In the question, you write (my emphasis):

I've been reading a lot about polymorphic and metamorphic malware and how they evade signature-based detection once they have been discovered.

and in a comment you add (also my emphasis):

I think those techniques are employed more to evade detection by AVs and IDSs once the malware has already been discovered, analyzed, and signatures extracted. I was wondering if there are any analogous techniques used specifically to prevent the malware's initial discovery so that no one would bother reporting, analyzing, or extracting signatures from it in the first place.

From my reading of the above, what I think you think happens is:

  • Someone deploys a new piece of malware.
  • It is discovered, analysed and "detection signatures" are extracted. AV software is now primed against the new malware.
  • The malware now starts to use polymorphic measures to evade further detection.

I'm not an expert in the malware vs. anti-virus battle, but what I believe happens is more along the lines of:

  • Various examples of existing malware are analysed and "detection signatures" are extracted. These can vary enormously in their complexity/subtlety, but at their simplest, these are sequences of bytes that any future malware – derived in a simplistic way from existing malware – are likely to contain.
  • Someone creates a new piece of malware. To disguise its origins, and to try and evade existing "detection signatures", the writer adopts one or more polymorphic techniques.
  • If "successful", the new malware won't be automatically detected by AV software: it will require manual detection. This would often only happen after the undesirable effects of the malware have triggered, and infected machines are forensically analysed.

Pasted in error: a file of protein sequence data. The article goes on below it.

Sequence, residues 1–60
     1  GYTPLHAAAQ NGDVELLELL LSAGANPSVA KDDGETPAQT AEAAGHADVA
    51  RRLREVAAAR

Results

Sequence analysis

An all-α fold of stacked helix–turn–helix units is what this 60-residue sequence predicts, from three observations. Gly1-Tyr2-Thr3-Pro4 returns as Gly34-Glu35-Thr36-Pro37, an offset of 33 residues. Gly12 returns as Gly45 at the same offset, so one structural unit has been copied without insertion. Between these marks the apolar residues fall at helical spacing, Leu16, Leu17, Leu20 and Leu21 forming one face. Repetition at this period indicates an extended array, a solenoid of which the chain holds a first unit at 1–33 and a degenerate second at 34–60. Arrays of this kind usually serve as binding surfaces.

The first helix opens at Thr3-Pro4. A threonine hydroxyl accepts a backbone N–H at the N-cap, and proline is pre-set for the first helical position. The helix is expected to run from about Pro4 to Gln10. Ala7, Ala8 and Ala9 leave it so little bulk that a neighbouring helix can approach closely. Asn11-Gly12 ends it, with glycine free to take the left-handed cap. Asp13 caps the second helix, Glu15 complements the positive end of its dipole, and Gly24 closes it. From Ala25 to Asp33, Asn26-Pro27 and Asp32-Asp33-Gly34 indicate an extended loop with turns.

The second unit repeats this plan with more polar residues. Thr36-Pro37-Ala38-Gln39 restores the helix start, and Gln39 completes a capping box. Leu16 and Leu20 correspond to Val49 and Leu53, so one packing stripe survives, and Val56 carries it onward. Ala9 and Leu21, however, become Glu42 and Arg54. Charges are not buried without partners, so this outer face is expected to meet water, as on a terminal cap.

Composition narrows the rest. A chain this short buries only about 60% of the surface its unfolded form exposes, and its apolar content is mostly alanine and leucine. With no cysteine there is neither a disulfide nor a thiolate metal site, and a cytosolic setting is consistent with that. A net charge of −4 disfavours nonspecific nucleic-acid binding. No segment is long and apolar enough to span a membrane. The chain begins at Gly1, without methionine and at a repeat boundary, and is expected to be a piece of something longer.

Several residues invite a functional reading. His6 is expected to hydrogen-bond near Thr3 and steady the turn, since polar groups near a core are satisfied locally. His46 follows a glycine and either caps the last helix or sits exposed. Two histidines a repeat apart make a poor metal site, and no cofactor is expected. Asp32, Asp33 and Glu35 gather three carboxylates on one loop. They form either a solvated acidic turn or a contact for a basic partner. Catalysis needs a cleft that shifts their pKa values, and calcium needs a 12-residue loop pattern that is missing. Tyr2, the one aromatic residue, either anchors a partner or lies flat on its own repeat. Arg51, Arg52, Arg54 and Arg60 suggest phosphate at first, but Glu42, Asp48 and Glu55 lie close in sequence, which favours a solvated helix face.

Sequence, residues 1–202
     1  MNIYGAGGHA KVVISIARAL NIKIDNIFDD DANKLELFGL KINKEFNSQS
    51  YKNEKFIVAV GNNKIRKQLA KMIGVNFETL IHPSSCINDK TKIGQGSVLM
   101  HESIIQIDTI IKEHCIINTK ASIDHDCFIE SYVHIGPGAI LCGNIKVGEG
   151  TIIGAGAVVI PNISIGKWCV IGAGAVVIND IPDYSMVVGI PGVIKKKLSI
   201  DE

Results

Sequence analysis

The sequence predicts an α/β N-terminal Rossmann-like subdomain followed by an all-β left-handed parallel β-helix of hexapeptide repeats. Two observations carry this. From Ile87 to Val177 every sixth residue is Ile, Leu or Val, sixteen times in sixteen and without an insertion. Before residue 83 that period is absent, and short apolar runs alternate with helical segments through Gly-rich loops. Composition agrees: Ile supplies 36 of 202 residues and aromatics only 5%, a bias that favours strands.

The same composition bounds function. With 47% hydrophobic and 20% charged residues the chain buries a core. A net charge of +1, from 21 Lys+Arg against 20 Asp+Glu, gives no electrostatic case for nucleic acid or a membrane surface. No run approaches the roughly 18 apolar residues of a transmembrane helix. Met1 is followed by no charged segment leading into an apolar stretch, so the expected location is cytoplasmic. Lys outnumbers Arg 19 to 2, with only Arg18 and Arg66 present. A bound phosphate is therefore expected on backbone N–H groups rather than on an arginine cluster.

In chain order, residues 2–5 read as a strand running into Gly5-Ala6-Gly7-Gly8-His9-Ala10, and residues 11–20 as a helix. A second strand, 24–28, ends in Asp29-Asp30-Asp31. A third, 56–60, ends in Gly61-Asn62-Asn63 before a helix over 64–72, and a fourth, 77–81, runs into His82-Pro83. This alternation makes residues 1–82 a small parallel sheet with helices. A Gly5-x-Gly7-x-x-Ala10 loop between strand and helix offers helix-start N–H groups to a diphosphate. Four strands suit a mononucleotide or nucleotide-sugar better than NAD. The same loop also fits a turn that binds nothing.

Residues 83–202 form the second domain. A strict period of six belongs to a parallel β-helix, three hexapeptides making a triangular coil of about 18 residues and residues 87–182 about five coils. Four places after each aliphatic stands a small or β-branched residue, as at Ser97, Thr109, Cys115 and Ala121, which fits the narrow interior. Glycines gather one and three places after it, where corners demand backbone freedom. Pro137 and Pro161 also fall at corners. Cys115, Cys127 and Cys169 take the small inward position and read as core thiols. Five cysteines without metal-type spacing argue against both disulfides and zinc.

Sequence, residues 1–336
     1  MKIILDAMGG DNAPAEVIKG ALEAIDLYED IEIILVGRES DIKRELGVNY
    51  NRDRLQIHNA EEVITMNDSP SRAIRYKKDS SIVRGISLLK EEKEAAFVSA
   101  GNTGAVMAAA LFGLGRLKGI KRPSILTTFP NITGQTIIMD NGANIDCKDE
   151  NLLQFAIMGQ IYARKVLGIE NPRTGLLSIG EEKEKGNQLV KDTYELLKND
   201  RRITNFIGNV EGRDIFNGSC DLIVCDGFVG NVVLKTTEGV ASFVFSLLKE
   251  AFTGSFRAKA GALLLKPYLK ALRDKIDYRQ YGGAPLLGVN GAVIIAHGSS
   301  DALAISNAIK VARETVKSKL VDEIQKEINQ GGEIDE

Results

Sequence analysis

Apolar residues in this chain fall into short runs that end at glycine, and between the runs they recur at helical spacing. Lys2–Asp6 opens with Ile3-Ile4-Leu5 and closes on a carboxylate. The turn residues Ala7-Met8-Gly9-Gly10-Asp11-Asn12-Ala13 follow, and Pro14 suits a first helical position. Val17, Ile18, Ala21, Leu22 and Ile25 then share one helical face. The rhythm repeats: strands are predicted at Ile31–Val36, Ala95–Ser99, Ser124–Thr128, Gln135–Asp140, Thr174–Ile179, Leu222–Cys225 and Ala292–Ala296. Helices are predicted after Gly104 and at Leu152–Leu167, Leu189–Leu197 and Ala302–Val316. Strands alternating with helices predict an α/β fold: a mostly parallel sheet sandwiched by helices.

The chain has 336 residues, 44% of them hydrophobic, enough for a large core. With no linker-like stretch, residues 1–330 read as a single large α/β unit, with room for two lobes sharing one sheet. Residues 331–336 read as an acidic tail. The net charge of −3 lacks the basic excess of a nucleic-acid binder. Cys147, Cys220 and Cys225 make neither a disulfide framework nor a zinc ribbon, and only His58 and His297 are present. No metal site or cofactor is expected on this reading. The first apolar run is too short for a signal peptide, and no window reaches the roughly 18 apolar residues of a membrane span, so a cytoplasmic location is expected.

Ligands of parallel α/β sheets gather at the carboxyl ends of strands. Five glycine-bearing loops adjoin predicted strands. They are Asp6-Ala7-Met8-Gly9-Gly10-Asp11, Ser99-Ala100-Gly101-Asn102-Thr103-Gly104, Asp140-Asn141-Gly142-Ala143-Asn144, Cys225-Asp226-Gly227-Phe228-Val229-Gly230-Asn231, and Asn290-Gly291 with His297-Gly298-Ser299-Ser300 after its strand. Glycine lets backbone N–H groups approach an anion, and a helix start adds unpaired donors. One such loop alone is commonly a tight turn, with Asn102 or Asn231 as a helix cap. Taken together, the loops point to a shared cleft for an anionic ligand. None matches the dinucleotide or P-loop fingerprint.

| improve this answer | |
  • I imagine that polymorphism is active from the very moment the malware is deployed. I don't think it prevents the malware from being discovered the first time though - in fact a self-decrypting executable probably is a red flag to AVs - but it does make it a lot harder to tell what type of malware it is. Honestly unless the malware is ransomware or something that has a pop-up that tells the user they've been infected I have no idea how analysts discover new malwares. – chillsauce Oct 30 '19 at 16:27
  • @chillsauce I'm more curios about back-end stuff which happens there. How do people analyse that? – Mobutu Sese Seko Kuku Ngbendu Sep 19 at 17:19
-1

How does malware evade initial discovery?

By obfuscating it's source code. Let's say that a tool creates a malware (in a interpreted programming language), which source is always a bit different. By mixing the code around, encrypting part of the source, different types of encoding, etc... It makes itself composed a bit different each time.

After that when the source is yet again being compiled into an executable (such is .exe), we may take advantage of additional encoding and encryption. The malware doesn't need to have the key for decrypting itself, but instead, it is using brute-force for that matter. (just an example)